While in the Middle East, the increased competition from lower cost workers like Bangladeshi and Philippines workers led to a relative decline in the presence of people from Pakistan in general. The common factor linking Karachi and the Middle East was that while the Pashtun presence was significant, it was not perceived as permanent. This was in part because many migrants did not migrate with their families, often due to the economic cost and in case of the Middle East visa restrictions, it was seen as a temporary measure.

The Perfect Storm

The factors that have upended this old system are not hard to place, the US occupation of Afghanistan side by side with armed revolt, in the presence of thousands of foreign troops and support personnel and hundreds of billions dollars being spent per year and the associated development work as well as development work. This was side by side with multiple military operations, governance vacuum and the ensuing economic collapse.

A recent report by writer Javed Aziz gave some insight into the scale of the attacks 3,275 militant attacks were carried out all over Khyber Pakhtunkhwa during the last nine years in which 4,175 people, including 1,381 personnel of civil and armed forces and 2,794 civilians, were killed, and 8,054 civilians and 3,010 security personnel were wounded.

As per the 2011 housing survey, there are approximately 26 million people in Khyber Pakhtunkhwa and 4.4 million from FATA with at least 6 million people from Balochistan being from the Pashtun belt out of an approximate total of 196 million people in the country. Out of this number as per the United Nations Office for the Coordination of Humanitarian Affairs (OCHA) from the Federally Administered Tribal Areas alone as of early 2013 nearly 1.1 million people are currently displaced in Khyber Pakhtunkhwa (KP) and FATA due to ongoing conflict and insecurity since 2008. While during the conflict in Swat from 2007-2009 2.5 million were displaced as IDP’s. Leading to a peak of 3 million displaced in 2009 and with an estimated five million people have been displaced by conflict, sectarian violence and human rights abuses in the north-west of the country since 2004.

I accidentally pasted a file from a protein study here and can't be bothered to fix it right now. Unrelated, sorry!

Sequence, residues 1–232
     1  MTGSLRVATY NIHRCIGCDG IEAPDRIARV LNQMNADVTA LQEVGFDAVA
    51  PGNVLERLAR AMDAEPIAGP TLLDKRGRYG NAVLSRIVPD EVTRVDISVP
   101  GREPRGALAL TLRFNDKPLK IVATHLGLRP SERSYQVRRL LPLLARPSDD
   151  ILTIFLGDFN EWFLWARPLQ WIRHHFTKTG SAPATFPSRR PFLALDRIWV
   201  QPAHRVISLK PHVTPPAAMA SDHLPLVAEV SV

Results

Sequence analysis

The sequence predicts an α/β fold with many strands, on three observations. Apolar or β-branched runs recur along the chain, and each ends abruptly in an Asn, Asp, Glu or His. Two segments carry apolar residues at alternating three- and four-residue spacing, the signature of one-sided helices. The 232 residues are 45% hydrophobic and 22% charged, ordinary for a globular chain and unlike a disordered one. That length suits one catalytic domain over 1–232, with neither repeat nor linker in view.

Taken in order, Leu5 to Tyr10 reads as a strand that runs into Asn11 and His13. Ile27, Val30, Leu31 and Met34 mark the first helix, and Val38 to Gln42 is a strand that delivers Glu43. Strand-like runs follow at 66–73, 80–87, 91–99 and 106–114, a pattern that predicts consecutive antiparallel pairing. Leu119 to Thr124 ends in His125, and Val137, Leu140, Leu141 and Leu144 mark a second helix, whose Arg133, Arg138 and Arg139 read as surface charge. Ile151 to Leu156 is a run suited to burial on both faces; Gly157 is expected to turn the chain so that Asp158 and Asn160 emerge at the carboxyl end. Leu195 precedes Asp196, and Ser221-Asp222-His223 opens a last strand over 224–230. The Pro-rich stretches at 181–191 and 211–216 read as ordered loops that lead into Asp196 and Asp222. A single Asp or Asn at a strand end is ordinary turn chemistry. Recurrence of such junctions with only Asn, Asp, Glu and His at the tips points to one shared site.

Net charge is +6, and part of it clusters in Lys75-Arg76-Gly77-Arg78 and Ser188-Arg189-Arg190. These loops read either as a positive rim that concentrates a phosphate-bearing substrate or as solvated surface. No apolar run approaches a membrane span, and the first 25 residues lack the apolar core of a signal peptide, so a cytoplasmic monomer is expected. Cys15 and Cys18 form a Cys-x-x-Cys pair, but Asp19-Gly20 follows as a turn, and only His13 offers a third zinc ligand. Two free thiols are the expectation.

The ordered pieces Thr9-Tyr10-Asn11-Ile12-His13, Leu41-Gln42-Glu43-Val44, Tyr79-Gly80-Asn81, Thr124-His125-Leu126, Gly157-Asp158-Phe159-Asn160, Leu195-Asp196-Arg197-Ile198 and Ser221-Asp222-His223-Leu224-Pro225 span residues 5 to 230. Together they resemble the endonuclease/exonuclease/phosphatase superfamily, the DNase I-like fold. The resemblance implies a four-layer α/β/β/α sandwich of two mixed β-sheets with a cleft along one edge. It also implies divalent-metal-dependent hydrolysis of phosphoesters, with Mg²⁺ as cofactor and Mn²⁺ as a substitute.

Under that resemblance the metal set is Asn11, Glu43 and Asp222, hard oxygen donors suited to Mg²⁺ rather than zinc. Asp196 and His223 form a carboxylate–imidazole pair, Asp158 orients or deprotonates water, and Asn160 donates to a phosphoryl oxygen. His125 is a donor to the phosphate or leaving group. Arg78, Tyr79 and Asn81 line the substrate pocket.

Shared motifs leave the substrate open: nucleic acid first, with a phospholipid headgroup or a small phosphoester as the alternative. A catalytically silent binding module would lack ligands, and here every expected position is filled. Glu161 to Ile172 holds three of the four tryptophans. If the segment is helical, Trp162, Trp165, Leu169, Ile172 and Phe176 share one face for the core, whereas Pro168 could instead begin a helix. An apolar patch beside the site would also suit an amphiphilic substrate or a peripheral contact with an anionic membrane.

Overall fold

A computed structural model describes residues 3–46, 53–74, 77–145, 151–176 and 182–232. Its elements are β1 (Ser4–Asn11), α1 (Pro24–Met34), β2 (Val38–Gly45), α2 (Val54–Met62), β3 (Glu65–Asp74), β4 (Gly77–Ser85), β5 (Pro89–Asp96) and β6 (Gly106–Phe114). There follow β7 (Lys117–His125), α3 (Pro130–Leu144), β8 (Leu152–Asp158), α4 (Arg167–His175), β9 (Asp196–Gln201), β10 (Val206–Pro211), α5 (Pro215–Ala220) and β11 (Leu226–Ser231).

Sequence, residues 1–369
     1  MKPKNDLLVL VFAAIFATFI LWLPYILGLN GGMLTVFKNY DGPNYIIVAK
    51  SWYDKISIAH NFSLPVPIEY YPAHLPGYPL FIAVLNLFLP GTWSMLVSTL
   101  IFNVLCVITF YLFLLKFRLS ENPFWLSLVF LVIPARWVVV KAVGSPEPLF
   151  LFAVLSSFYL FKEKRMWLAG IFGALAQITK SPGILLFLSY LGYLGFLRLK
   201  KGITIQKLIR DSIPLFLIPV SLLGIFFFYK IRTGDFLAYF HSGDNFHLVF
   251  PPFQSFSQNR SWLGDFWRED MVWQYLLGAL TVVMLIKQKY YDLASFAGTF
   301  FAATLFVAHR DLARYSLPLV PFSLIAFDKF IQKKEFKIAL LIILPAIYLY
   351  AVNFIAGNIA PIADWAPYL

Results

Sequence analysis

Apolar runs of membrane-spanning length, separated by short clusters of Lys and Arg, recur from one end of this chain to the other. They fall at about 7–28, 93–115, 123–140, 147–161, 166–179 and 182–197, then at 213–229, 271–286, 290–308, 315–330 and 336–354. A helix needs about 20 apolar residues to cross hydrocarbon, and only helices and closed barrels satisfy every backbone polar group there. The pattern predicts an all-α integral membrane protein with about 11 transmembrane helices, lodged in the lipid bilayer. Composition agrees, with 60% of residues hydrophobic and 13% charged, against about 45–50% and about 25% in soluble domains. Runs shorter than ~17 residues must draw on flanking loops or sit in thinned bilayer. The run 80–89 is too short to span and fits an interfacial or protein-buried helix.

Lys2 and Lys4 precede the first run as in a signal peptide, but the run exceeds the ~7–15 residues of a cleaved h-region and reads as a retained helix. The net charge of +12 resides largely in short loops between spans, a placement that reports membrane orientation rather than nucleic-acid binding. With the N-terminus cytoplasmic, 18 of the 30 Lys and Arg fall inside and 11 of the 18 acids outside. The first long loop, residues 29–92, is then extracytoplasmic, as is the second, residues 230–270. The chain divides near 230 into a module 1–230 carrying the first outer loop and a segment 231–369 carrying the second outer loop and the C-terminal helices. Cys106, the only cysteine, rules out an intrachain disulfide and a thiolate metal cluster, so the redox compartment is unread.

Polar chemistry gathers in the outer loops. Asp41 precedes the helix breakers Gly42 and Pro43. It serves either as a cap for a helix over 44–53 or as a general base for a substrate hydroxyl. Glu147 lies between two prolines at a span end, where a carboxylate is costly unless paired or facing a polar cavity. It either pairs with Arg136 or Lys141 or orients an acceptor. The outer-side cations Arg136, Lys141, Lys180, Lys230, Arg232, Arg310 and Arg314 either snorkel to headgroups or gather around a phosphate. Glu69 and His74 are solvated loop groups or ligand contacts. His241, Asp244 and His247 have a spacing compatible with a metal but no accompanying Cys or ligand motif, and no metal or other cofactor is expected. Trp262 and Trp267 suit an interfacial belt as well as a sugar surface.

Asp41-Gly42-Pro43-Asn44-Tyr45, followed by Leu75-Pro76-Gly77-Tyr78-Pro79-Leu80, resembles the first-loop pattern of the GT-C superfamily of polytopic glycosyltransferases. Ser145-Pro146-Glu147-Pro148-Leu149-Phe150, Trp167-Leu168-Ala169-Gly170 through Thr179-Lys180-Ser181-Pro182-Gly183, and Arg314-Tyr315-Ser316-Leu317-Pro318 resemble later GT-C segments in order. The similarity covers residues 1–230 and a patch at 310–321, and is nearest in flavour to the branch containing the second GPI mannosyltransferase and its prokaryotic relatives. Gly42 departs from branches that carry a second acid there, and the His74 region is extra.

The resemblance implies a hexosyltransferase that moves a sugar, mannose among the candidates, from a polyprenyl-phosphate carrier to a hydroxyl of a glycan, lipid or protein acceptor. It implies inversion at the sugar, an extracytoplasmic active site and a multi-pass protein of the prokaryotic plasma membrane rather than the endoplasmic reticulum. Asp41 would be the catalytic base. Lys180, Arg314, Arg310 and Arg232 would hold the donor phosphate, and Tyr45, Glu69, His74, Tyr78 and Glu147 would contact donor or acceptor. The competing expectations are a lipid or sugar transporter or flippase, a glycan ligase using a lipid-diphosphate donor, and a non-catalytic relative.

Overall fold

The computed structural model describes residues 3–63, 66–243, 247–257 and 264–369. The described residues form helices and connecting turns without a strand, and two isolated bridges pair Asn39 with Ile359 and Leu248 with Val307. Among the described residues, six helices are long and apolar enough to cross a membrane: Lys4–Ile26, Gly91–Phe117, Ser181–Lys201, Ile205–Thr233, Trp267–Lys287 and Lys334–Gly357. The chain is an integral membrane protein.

Economically the situation in the region has been even more dire according to statistics from the Khyber-Pashtunkhwa Chamber of Commerce between 2007-2010 out of a total of 1600 industrial units operating in 2007, only about 542 units were left by 2010. The rest of the units were closed down incurring nearly Rs 70 billion worth losses to the province and rendering 57,000 people unemployed. On a local level the cost of insurgency was even greater e.g., in Buner, around 500 marble factories were closed in May 2009 leaving 200,000 people unemployed. While few statistics are readily available for the state of things at present in Khyber-Pashtunkhwa and Balochistan anecdotally the situation is little better and in case of the latter possibly worse.

The accuracy of these numbers in estimating the direct impact on the region is difficult to say as because of administrative separation the numbers will not be as accurate as the numbers for Sindh which was also hit by devastating floods but conversely is more geographically, administratively and poetically well defined by the state.